We are all doing what we can to spread out during the coronavirus pandemic. Staying healthy depends on minimizing unwanted contact with other people — standing 6 feet apart in grocery stores, wiping off elevator buttons and avoiding public transit, where we may find ourselves cheek-by-jowl with a wheezing stranger.
But if spreading out is a challenge in the Twin Cities today, just wait until the next pandemic hits.
The urban planners at the Metropolitan Council, who increasingly dictate how we live, have a vision for our future that is stampeding us in precisely the wrong direction.
That vision is laid out in “Thrive MSP 2040,” the Met Council’s master plan for metrowide development. Its “New Urbanist” ideology demands that, going forward, we increasingly will live on top of one another.
The holy grail for the Met Council’s urban planners, and their allies at the Minneapolis City Council, is “densification.” They seek to engineer a world in which we increasingly abandon our single-family homes for stack-and-pack, multifamily apartments, and our private automobiles for jampacked mass transit.
The Met Council acknowledges this radical transformation will be an “enormous undertaking.” That’s because it runs directly counter to the way most Twin Citians prefer to live.
Thrive MSP 2040’s densification crusade seeks, first and foremost, to reorganize our metro area around public mass transit. Its guiding principle is “transit-oriented development.” That’s “New Urbanist” lingo for cramming future metro-area development — housing, jobs, retail, entertainment — into small, dense areas within “easy walking distance” (one-half mile) of major public transit stations in the core cities and inner-ring suburbs.
Transit-oriented development requires declaring war on the family car. The Thrive plan’s transportation system prioritizes walking, bicycling and transit, with motor vehicle use dead-last.
But most Minnesotans will say no to lugging rock salt home on the bus, getting the kids to soccer practice on the light rail or pedaling to the dentist on their bikes. Such alternatives will remain a tiny minority of trips.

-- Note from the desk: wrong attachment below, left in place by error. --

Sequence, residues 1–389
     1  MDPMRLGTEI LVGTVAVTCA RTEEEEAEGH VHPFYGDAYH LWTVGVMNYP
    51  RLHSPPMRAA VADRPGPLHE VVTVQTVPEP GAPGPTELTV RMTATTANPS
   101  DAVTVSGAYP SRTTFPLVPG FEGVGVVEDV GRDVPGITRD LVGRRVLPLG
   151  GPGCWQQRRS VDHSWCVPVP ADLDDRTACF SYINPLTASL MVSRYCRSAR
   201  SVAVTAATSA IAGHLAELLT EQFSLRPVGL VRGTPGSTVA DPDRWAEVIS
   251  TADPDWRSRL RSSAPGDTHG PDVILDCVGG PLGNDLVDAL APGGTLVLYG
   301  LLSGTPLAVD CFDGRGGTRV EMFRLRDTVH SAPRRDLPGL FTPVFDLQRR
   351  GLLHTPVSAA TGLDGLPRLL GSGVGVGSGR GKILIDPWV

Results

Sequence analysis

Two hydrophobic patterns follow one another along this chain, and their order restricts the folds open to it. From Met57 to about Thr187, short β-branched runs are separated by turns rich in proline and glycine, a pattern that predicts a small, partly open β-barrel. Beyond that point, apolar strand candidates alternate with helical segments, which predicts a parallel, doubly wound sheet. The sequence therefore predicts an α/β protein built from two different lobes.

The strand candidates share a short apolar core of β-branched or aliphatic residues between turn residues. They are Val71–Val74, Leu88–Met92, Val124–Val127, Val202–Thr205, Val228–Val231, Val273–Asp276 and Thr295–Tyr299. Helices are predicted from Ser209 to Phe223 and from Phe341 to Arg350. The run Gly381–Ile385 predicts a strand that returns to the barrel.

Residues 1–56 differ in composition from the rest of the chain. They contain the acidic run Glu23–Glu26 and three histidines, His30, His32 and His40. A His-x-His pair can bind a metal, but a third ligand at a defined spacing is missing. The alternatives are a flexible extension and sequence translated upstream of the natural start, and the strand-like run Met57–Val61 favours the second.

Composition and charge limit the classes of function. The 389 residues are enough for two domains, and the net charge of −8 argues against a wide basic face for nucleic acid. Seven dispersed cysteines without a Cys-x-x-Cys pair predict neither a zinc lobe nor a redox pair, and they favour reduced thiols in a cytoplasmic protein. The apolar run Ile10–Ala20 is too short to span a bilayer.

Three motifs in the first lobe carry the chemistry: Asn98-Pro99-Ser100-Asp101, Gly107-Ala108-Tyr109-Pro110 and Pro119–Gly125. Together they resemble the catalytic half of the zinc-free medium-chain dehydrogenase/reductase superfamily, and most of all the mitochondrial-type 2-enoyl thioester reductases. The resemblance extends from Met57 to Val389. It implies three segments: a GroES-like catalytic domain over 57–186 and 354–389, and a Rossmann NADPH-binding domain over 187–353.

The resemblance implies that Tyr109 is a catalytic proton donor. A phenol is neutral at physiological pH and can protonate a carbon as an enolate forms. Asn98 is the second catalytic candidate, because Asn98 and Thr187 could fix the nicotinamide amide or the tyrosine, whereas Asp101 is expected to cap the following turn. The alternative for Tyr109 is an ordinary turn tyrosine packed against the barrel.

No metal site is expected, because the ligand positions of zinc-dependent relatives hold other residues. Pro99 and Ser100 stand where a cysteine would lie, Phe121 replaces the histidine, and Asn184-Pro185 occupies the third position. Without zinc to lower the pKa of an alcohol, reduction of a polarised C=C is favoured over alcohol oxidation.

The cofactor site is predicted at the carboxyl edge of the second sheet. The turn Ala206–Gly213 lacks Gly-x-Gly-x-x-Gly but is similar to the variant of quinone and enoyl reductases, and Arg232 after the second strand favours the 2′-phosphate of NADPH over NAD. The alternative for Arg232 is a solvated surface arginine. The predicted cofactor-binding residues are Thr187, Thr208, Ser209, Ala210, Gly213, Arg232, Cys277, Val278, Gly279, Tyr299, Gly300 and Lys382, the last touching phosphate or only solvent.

The Met Council and Minneapolis City Council assure us their densification crusade is merely about “expanding choice.” In fact, they are using unprecedented, top-down government controls to impose it. That often means penalties for those who make the “wrong” choices, and hefty taxpayer subsidies for those who make the “right” choices about where and how to live.
For example, the Met Council is requiring every sewered municipality — even at the seven-county metro area’s edges — to plan for and accommodate a precise, arbitrarily determined number of subsidized high-density housing units. Instead of increasing the range of housing types and sizes, or promoting new construction techniques that reduce the overall cost of housing, the council is lavishing subsidies on developers who build high-density housing and other development in tiny, dense enclaves around public transit stations.
The Minneapolis City Council has gone even farther: It is preening itself on becoming the first major city in the nation to eliminate single-family zoning, so residents can no longer choose to live in a single-family neighborhood.
Meanwhile, the Met Council is pouring public funds into dizzyingly expensive light rail — expanding the Green and Blue lines with the Southwest and Bottineau lines and charging ahead with the Riverview Corridor streetcar line. LRT riders’ fares are already hugely subsidized, and now the council is considering dropping fares altogether because so many freeloaders refuse to pay.
Meanwhile, to push us out of our cars, planners are making driving as expensive and inconvenient as possible. The Minneapolis Thrive plan, for example, is aggressively eliminating parking, converting four-lane roads to three lanes and intentionally increasing traffic congestion in many ways.
So, what will government planners’ obsession with densification mean when the next pandemic hits? One thing’s for sure: Many more of us will be living packed close together and compelled to rub shoulders with a constantly rotating group of strangers on public transit.
Before the coronavirus hit, health and safety problems were already escalating on light-rail transit. At a recent legislative hearing, a train operator described LRT as an “unsanitary, unsafe, and dirty mode of transit.” She said the ventilation system, which carries fumes generated by passengers’ drug use, can make drivers sick.
Metro Transit is moving ahead with replacing upholstery on Green Line and Blue Line trains because it is a petri dish for the growth of disease agents. Now we add coronavirus.
Some may assure us the current pandemic is a flash in the pan, so there’s no need to rethink our rush to densification. But in recent years, we’ve seen recurring waves of novel diseases, including SARS, MERS and swine flu, and the coronavirus may return. Globalization is likely to increase this threat.
For years, we’ve heard warnings about how government planners’ obsession with densification will reduce our quality of life, increase our cost of living, and restrict our mobility and independence. Now we know it threatens our health as well.
Katherine Kersten is a senior policy fellow at the Center of the American Experiment. She is at firstname.lastname@example.org.